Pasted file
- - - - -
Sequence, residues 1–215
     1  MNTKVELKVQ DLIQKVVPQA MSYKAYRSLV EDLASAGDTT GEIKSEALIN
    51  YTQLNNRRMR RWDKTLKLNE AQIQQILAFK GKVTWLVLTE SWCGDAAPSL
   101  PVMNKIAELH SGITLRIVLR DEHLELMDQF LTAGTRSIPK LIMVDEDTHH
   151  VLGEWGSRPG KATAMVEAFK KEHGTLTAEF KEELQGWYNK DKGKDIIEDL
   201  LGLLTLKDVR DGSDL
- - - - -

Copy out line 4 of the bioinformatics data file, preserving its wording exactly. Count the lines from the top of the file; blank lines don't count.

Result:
   101  PVMNKIAELH SGITLRIVLR DEHLELMDQF LTAGTRSIPK LIMVDEDTHH